Josef Somr was a Czech actor. He was noted for starring in the Oscar-winning 1966 film Closely Watched Trains, as well as in The Joke.
Courage for Every Day is a 1964 Czechoslovak drama film directed by Evald Schorm.
The Joke is a 1969 Czechoslovak film by director Jaromil Jireš. It is considered one of the last films of the Czech New Wave movement.
Ester Krumbachová was a Czech screenwriter, costume designer, stage designer, author and director. She is known for her contributions to Czech New Wave cinema in the 1960s, including collaborations with directors Věra Chytilová and Jan Němec. In 2017, a private archive of Krumbachová's artwork, photography, documents, and clothes was made public by curators Edith Jeřábková and Zuzana Blochová. Krumbachová has since been the subject of retrospective exhibitions at TRANZITDISPLAY in Prague (2017), and the Centre for Contemporary Arts in Glasgow (2018).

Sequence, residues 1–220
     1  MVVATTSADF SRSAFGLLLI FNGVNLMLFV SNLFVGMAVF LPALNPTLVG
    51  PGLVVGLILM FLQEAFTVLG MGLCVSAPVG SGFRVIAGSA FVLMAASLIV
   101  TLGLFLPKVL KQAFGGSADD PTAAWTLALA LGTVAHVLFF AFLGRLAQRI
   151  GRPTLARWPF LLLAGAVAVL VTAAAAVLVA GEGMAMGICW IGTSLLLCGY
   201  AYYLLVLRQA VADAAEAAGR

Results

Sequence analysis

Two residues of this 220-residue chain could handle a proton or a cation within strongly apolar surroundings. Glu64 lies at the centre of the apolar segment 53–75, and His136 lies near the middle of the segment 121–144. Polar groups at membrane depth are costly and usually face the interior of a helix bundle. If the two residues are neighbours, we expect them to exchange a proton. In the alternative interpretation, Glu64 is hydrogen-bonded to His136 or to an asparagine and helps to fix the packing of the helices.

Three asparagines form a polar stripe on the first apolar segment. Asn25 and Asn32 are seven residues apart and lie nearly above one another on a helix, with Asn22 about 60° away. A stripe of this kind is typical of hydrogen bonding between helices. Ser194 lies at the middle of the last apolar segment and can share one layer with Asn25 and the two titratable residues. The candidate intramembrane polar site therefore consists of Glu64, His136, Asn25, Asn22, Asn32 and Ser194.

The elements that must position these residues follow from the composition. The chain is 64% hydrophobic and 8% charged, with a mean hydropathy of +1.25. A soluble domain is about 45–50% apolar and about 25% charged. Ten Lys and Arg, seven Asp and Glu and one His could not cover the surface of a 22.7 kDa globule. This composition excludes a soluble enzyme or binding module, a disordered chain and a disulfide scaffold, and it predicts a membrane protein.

Pearls of the Deep is a 1966 Czechoslovak anthology film directed by Jiří Menzel, Jan Němec, Evald Schorm, Věra Chytilová and Jaromil Jireš. The five segments are all based on short stories by Bohumil Hrabal. The film was released in Czechoslovakia on 7 January 1966.
Something Different is a 1963 Czechoslovak film directed by Věra Chytilová. The film intersperses two separate narratives: one following Vera, a fictional housewife living in Czechoslovakia, and another following Eva, an Olympic gymnast played by real-life Olympic gold medalist Eva Bosáková.
The Return of the Prodigal Son is a 1966 Czechoslovak drama film directed by Evald Schorm. The film won Special Mention at Locarno International Film Festival in 1967.
CzechMate: In Search of Jiří Menzel is a 2018 documentary film directed by Shivendra Singh Dungarpur that focuses on the life and work of the Czech New Wave film director Jiří Menzel, and also explores the Czech and Slovak New Wave cinema of the 1950-70s.